Practical Mirror Magic (I)    25

method), as well as the traditional symbols for the planets and the elements, or other sigils (also designed using A. O. Spare’s word method) in order to enhance the magician’s work with the mirror. In principal, both the condensers as well as the symbols and sigils serve the purpose of sending the subconscious mind a signal when they are viewed that will trigger the corresponding reaction (e.g., clairvoyance, astral travel, etc.). The mirror is then charged ritually; for example if the mirror is to be used for intuitively viewing events that geographically take place somewhere else, a moon ritual can be used, or a ritual involving the planetary principles of Mercury (insight, wisdom, awareness). In the same way, the elements of air or water can also be used, or a mixture of various energies that are applied, however, in separate charging procedures. In the case of the latter, proceed as described above in earlier paragraphs. Here’s one example of such a multiple charging procedure (spread out over a period of five weeks): 1. moon ritual 2. Mercury ritual 3. water ritual 4. air ritual 5. sigil work (using sex magic) In this example, the last operation would be the climax of the entire procedure to seal off its effectiveness. Instead of the procedure mentioned above, the magician could also perform four moon rituals (at new moon, full moon, and during the two crescent moons), which would give the mirror a more divinatory touch. Charging with Mars energy, on the other hand, would make the mirror suitable for combat magic. It’s important to realize that the magician must learn to use the correspondences and analogies that best fit his or her personal needs. This holds true not only for the actual classification of correspondences (e.g., the individual allocation of metals to the planets, etc.), but also—and above all—to their use. So you have to decide for yourself what the focus of your magic mirror should be, and what principles it should embody. By the way, many magicians use different mirrors for different purposes. Thus, they may create a mirror for healing, another for divination or skrying work, one for love spells, etc. I generally recommend this over a single, “all-purpose” mirror, especially for

26    Practical Mirror Magic (I)

psychological and symbol-logical reasons. In the same way that no one tool can be an excellent hammer, screwdriver, and chisel all at the same time, the magician should go to all lengths to collect a versatile and extensive range of special magical tools, just like a good carpenter would. Only the experienced initiate, the “master of the empty hand” who needs no tools at all, will be able to get along sufficiently with just a few universal instruments. But there’s a modern school of magic that doesn’t charge any of their weapons or instruments at all anymore. Instead, charging occurs automatically through use of the equipment itself. With repeated use, the nature of the magical weapon is imprinted into the subconscious mind in the same way that one can only learn to use a hammer by actually using it. Although I feel it important to mention this approach here, I certainly don’t recommend it, especially for magicians who just want to avoid the extra work of having to charge their tools. After all, representatives of the same school require that all of their magical tools be handmade in order to truly be efficient! One method for checking to see if a magical weapon has been sufficiently charged is to see if it appears in your own dreams. If it does, this is a clear sign that your subconscious mind has integrated the weapon and is ready to work with it. We can also check the charged status of a magical weapon with the magic gaze (180° gaze), with a pendulum, or by testing the energy with your hands. In the end, the quality of its activation can only be judged by how effectively it actually works. Don’t be disappointed if you’re not happy with the results of your mirror magic or if you don’t seem to get any results at all. You just might not be cut out for this type of work. Even in magic, there are specialists who might excel in one area, yet function below average in others. However, only persistent practice will be able to show whether you have any kind of talent in a certain area of magical practice or not, and whether any further efforts on your part would prove successful. But this is not necessarily a permanent situation. Sometimes it will take years before you notice your progress, even long after you’ve given up all hope of ever being good. Some skills take a long time to improve and are the product of a lengthy development process. But this, too, will only be noticeable when you continue to try. In the same sense, it’s even possible that you may temporarily or even permanently lose some of your current skills. For this reason alone, every magician should aim at becoming as versatile as possible in order to have other alternatives open in times of emergency. Practical Mirror Magic (I)    27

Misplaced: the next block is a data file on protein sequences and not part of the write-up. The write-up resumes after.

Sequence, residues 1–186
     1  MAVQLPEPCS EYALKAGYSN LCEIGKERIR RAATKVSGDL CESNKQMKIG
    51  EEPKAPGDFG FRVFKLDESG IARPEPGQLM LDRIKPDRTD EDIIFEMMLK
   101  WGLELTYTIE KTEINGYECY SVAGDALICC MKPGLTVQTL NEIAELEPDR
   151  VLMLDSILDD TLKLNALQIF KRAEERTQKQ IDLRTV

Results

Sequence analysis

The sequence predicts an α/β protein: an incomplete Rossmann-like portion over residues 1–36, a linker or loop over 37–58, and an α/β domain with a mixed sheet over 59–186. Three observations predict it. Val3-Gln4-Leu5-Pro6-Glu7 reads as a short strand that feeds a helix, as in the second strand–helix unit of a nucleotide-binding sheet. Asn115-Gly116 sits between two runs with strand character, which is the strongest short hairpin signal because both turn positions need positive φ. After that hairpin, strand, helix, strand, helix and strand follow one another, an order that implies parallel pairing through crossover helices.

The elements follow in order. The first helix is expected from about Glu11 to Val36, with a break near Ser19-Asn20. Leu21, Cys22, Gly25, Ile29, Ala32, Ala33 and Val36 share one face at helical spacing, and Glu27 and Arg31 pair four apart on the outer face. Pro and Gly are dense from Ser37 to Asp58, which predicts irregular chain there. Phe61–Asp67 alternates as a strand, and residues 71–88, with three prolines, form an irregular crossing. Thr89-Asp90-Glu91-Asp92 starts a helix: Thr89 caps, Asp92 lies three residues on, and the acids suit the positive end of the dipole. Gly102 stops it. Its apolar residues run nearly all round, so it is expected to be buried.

mirror magic: fields of application We’ve already mentioned that mirror magic can be used for many more things than literature often reveals. Here you’ll find a short overview of the most important fields of application of mirror magic. This list is certainly not complete and some areas may even overlap. After all, the various disciplines of magic often go hand in hand with one another. • astral travel • divination (clairvoyance in particular) • storing energy • evocation • exorcism (especially for the construction of spirit traps) • influencing others • healing • odic charging and de-charging • charging sigils • telepathy • death and destructive magic • invisibility spells We’ll be discussing the various fields in detail (both in theory and practice) throughout the course of this book, but this short overview should suffice for now. In general, the same applies to the magic mirror as to every other magical weapon—it should be versatile and usable in a variety of different ways. The magic mirror is just one example of the magical tools that you can use that we picked in order to illustrate the basic structures of practical magical work. In other words: There are no limits to your imagination, and throughout the course of magical history, every generation and every single magician has thoroughly explored his or her magical weapons, integrated them into his or her practice, and developed new ways to use these tools while carefully documenting everything for future generations.

28    Practical Mirror Magic (I)

High Magic II  

Europe’s best-known mage and contemporary occult author, Frater U∴D∴, shares his extensive magical expertise in the companion volume to his...

High Magic II  

Europe’s best-known mage and contemporary occult author, Frater U∴D∴, shares his extensive magical expertise in the companion volume to his...